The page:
WASHINGTON (AP) — The chief sponsor of the bipartisan Senate deal to curb the growth of health insurance premiums is responding to a shift in support from President Donald Trump. Sen. Lamar Alexander, R-Tenn., said President Trump called to offer encouragement, a day after the president spoke favorably of the pact but then reversed course.
The mixed signals from the White House have created confusion even as voters face the prospect of dramatic premium spikes without congressional action.
“I think he wants to reserve his options,” Sen. Alexander told an Axios forum on Wednesday after the president’s call. Alexander said Trump wanted “to be encouraging,” and the senator predicted that his deal would pass “in one form or another” by year’s end.
But that outcome looked increasingly uncertain in face of conservative backlash to the deal and Trump’s own erratic signals.
Trump tweeted Wednesday morning: “I am supportive of Lamar as a person & also of the process, but I can never support bailing out ins co’s who have made a fortune w/ O’Care.”
Trump’s quickly shifting stances angered Senate Minority Leader Chuck Schumer of New York, who took to the Senate floor Wednesday morning to accuse Trump of backing down on this issue and others whenever the hard right objects.
“This president keeps zigging and zagging so it’s impossible to govern,” Schumer said. “Our only hope is that maybe tomorrow he’ll be for this again.”
Trump stopped federal payments to health insurers last week that keep costs down for low-income consumers. Alexander and Sen. Patty Murray, D-Wash., announced a deal on Tuesday to restore them along with changes to give states more flexibility.
Insurers had warned that unless the money was quickly restored, premiums would go up and prompt some carriers to abandon unprofitable markets.
In remarks Tuesday in the Rose Garden, Trump called the deal “a very good solution” that would calm insurance markets, giving him time to pursue his goal of scrapping the Affordable Care Act, the target of Republican derision since it was signed into law in 2010. But Trump backed off later Tuesday after a day of criticism from many in the GOP.
In an evening speech at the conservative Heritage Foundation, he said that “while I commend” the work by the two senators, “I continue to believe Congress must find a solution to the Obamacare mess instead of providing bailouts to insurance companies.”
The subsidies Trump ended go to insurers for reducing out-of-pocket costs for lower-income people. Since Obama’s law requires insurers to make those cost reductions, insurers and others have warned that halting the subsidies would force premiums higher and prompt some carriers to abandon unprofitable markets.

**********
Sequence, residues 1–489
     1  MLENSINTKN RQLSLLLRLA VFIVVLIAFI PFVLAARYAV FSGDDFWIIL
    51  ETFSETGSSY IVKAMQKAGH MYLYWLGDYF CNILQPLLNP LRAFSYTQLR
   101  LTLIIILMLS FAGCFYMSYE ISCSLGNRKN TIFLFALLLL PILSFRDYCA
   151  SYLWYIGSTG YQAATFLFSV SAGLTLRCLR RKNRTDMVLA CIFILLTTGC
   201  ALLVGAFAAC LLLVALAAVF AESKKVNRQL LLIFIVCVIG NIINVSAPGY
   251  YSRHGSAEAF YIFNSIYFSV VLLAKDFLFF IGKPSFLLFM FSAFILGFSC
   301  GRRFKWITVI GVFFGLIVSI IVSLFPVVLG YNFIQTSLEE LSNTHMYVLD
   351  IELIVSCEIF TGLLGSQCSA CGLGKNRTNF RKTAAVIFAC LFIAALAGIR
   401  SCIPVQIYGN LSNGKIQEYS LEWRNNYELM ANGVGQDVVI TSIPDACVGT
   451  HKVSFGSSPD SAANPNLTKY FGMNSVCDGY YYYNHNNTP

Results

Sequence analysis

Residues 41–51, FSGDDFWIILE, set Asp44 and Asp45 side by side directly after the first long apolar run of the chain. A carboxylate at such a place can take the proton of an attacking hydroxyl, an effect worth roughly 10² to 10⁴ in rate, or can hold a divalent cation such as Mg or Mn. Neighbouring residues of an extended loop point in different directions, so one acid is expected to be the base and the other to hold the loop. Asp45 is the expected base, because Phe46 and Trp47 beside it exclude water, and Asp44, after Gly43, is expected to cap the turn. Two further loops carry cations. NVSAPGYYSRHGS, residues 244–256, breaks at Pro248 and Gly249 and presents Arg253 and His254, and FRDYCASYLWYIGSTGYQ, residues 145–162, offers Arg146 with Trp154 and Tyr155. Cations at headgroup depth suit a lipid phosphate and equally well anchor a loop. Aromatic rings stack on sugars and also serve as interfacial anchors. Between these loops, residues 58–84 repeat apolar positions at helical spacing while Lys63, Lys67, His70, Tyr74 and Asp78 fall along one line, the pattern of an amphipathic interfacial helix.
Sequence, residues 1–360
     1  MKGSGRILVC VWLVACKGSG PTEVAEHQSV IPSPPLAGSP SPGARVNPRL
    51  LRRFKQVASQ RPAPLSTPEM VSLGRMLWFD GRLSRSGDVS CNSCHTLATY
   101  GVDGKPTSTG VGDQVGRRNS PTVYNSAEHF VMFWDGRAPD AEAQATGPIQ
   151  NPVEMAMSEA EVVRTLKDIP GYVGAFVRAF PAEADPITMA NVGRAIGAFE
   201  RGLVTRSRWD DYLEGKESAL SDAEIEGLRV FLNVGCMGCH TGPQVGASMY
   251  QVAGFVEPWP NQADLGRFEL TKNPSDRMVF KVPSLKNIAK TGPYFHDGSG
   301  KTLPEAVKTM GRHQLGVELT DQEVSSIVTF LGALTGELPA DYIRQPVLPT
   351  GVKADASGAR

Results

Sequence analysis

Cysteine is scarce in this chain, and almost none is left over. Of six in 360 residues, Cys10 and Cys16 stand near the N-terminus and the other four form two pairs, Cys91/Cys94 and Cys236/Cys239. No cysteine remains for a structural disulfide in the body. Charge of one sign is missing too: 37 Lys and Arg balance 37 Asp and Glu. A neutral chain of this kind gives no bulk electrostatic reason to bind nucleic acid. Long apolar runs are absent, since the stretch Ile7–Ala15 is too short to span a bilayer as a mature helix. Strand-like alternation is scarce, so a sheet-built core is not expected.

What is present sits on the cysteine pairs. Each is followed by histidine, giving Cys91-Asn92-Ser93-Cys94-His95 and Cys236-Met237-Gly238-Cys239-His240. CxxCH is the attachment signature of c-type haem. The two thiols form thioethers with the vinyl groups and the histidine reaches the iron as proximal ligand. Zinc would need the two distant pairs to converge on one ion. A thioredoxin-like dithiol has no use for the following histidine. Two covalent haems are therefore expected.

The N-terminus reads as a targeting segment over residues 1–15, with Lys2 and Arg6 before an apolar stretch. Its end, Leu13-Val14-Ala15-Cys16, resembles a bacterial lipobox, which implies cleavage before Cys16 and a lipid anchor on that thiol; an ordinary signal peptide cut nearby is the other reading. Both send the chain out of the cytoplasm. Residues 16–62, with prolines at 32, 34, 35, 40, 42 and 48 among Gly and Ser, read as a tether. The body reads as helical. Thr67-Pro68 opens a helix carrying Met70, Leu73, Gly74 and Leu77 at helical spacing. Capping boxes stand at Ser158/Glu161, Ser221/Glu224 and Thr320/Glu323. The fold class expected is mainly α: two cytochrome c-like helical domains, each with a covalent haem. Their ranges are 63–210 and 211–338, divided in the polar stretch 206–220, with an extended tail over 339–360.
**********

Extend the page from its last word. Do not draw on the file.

“This agreement avoids chaos,” Alexander said Tuesday. “I don’t know a Republican or Democrat who benefits from chaos.”
Senate Majority Leader Mitch McConnell, R-Ky., was noncommittal about the agreement. “We haven’t had a chance to think about the way forward yet,” he said.
Aides to House Speaker Paul Ryan, R-Wis., did not provide a statement from him.
Both McConnell and Ryan have been eager to turn national attention away from the GOP push to scuttle Obama’s law, which crashed in the Senate twice, and toward an effort to cut taxes.
Reaction from other Republicans toward the Senate agreement was mixed. For many conservatives it’s practically unthinkable to sign off on federal payments that would arguably prop up a law they’ve been vowing for seven years to destroy.
Rep. Mark Walker of North Carolina, chairman of the conservative Republican Study Committee in the House, tweeted: “The GOP should focus on repealing & replacing Obamacare, not trying to save it. This bailout is unacceptable.”
Freedom Caucus Chairman Rep. Mark Meadows, who’s been at work on a proposal of his own, was slightly more positive, calling the Alexander-Murray bill “a good start” but saying much more work needed to be done.
Alexander said he and allies including Sen. Mike Rounds, R-S.D., would spend the next several days trying to build up support with the goal of formally introducing legislation later this week. If the legislation does pass, it would almost certainly be as part of a larger package including must-pass spending or disaster relief bills and that might not be until the end of the year.
The deal includes provisions allowing states faster and easier access to waivers that would allow them to shape their own marketplace plans under the health law.
It would provide for a new low-cost catastrophic coverage insurance option for all consumers. It would also restore $106 million for outreach and enrollment programs aimed at prodding people to buy policies — efforts that Trump has slashed.
A federal judge ruled in a 2014 lawsuit brought by House Republicans that Congress never legally authorized spending money for the insurers’ subsidies. Obama and Trump, initially, continued making the payments, though Trump declared last week he would pull the plug.
The payments, which cost around $7 billion this year, lower expenses like copayments and deductibles for more than 6 million people. But discontinuing them would actually cost the government more money under the health law’s complicated structure, because some people facing higher premiums would end up getting bigger tax subsidies to help pay for them.